The findings highlighted the significant role cities play in reducing emissions, said study co-author Shaoqing Chen, an environmental scientist at Sun Yat-sen University in the southern Chinese city of Guangzhou.
Average global temperatures have already risen by more than 1 degree Celsius compared to the pre-industrial baseline and are still on track to exceed the 1.5-2 degree limit set by the Paris Agreement.
Chen and other scientists cautioned, however, that some of the data available for use in their study was patchy, with some cities reporting numbers from as far back as 2005.
A lack of consistency in how cities report emissions also makes comparisons tricky, they added.
Last big push
Research published in 2018 in the Environmental Research Letters journal analysed a much larger sample of 13,000 cities, big and small, finding 100 cities containing 11 per cent of the world's population drove 18 per cent of its carbon footprint.
Still, the new analysis "contributes to the growing literature and our understanding of urban emissions", said Yale University Geography and Urban Science professor Karen Seto, who co-authored the 2018 paper.
"It's really difficult to compare apples to apples on city greenhouse gas emissions but you have to try, and the paper makes a pretty good effort," added Dan Hoornweg, a professor at Ontario Tech University and former adviser to the World Bank on sustainable cities and climate change.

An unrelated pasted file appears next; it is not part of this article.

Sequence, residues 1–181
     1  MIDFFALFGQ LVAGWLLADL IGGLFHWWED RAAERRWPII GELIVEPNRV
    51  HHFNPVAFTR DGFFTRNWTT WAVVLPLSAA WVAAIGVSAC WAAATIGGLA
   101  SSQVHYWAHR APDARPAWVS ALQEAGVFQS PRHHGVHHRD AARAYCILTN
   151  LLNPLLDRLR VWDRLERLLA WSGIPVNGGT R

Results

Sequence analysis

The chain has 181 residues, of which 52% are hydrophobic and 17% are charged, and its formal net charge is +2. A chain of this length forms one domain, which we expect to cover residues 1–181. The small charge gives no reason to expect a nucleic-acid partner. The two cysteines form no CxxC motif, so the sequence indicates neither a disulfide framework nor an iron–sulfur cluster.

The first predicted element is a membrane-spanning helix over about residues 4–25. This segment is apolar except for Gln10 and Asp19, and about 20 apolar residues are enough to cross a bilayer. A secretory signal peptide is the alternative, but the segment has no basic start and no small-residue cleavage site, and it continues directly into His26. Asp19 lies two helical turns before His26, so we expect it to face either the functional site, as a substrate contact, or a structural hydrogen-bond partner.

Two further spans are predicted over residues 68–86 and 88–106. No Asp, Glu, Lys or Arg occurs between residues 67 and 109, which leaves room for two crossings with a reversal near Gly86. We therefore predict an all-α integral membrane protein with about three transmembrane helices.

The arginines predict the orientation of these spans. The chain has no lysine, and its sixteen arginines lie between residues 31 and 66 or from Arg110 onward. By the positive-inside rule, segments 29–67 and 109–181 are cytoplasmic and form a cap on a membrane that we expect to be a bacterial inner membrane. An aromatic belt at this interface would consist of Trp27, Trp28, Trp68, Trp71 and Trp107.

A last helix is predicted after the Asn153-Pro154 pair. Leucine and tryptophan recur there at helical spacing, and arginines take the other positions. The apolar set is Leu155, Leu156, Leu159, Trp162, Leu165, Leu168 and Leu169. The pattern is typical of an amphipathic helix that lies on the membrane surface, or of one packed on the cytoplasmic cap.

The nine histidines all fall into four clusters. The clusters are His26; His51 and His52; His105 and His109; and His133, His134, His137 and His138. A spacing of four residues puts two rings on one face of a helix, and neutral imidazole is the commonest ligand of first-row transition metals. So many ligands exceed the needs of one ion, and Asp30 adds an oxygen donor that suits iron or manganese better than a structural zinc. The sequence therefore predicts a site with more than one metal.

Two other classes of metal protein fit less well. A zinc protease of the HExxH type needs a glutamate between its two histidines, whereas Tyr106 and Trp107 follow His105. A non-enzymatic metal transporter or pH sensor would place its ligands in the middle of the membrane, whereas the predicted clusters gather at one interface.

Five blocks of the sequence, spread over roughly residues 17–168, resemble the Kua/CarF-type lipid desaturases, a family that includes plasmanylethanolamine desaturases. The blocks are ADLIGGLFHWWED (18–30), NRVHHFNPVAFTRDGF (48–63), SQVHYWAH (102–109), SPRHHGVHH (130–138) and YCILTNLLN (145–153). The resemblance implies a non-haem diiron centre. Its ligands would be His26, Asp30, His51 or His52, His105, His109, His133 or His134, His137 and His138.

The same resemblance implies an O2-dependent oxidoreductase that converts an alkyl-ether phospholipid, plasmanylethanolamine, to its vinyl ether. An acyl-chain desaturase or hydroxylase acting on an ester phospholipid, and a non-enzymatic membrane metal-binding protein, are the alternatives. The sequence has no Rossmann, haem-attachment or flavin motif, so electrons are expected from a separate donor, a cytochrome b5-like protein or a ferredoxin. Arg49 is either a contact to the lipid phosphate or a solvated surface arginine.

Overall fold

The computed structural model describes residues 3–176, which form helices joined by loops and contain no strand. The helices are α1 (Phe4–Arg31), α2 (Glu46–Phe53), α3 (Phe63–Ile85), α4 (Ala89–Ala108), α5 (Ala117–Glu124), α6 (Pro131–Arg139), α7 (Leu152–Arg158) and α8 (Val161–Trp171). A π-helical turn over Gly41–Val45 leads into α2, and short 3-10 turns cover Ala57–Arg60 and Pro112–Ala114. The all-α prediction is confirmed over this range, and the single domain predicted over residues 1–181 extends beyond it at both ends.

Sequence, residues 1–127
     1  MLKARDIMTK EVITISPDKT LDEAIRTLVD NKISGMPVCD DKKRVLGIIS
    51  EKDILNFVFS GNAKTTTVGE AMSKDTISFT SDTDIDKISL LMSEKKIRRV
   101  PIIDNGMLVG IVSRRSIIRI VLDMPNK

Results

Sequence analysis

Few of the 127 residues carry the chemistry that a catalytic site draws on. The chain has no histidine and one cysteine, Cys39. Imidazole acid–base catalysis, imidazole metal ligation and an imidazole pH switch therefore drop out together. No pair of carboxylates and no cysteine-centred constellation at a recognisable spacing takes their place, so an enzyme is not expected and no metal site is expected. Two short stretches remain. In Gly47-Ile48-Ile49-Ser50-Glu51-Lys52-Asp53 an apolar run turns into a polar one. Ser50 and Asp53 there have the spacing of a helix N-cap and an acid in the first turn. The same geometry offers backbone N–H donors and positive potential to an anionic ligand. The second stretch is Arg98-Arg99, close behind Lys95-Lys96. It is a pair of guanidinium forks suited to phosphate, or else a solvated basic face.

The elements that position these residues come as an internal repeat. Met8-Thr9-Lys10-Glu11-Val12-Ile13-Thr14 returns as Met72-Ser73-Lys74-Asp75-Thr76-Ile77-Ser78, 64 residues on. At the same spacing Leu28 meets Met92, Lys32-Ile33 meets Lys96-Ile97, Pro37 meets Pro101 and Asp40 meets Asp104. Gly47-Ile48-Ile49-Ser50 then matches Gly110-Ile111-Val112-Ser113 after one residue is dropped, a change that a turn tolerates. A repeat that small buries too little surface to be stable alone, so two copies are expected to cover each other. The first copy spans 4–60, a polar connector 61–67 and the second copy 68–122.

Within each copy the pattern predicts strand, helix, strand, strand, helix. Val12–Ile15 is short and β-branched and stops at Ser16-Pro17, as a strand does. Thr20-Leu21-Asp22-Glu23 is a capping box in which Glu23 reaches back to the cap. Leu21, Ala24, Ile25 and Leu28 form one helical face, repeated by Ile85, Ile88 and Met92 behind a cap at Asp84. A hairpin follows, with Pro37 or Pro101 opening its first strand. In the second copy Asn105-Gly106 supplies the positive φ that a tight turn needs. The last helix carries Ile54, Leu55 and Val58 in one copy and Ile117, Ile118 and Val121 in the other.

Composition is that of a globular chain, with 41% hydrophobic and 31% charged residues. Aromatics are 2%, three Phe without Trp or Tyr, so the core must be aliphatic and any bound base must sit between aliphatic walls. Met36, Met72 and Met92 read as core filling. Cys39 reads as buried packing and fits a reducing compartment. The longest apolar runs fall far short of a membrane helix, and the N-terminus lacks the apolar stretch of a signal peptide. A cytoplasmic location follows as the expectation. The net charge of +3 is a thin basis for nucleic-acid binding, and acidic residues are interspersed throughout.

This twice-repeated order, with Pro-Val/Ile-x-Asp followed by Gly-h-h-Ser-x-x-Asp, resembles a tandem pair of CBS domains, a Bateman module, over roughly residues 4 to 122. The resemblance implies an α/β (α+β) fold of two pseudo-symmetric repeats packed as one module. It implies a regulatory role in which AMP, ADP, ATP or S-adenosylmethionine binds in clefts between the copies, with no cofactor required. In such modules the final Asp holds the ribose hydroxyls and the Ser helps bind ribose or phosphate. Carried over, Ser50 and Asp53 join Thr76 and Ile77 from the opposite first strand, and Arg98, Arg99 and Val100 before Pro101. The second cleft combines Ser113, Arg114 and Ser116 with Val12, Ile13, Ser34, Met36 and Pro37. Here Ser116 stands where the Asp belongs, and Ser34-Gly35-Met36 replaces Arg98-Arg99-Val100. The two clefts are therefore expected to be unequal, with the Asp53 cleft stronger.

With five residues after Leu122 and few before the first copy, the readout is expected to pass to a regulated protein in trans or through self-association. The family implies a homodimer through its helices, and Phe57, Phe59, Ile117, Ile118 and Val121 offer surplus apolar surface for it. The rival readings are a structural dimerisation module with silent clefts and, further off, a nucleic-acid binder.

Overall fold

Chen said the new analysis was the first to look at megacity emissions reduction targets and progress in cutting back.
Sixty-eight of the cities – mostly in developed nations – had set absolute emissions reduction targets.
But only 30 of the 42 cities where progress was tracked in the study had shown a reduction. Most of them were in the United States and Europe.
The analysis confirms scientists' expectations that whereas in China, cities with high per capita emissions are generally major manufacturing hubs, those in developed nations with the highest per capita rates tend to have strong levels of consumption.
While more developed economies in Europe and elsewhere can now grow without increasing emissions, the world is moving at different speeds, Hoornweg said.
"They generated a tonne of emissions on the way to get there and China is in that stage now. We know India is getting there at some point and the last big push in all of this will be Africa," he said.